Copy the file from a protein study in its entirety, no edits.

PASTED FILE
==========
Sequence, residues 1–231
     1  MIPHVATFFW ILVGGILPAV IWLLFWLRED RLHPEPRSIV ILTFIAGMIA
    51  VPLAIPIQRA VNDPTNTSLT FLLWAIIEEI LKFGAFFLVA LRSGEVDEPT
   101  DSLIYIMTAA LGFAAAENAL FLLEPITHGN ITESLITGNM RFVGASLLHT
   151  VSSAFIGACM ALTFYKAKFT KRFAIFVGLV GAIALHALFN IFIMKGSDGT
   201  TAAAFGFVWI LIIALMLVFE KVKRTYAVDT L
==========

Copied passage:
Sequence, residues 1–231
     1  MIPHVATFFW ILVGGILPAV IWLLFWLRED RLHPEPRSIV ILTFIAGMIA
    51  VPLAIPIQRA VNDPTNTSLT FLLWAIIEEI LKFGAFFLVA LRSGEVDEPT
   101  DSLIYIMTAA LGFAAAENAL FLLEPITHGN ITESLITGNM RFVGASLLHT
   151  VSSAFIGACM ALTFYKAKFT KRFAIFVGLV GAIALHALFN IFIMKGSDGT
   201  TAAAFGFVWI LIIALMLVFE KVKRTYAVDT L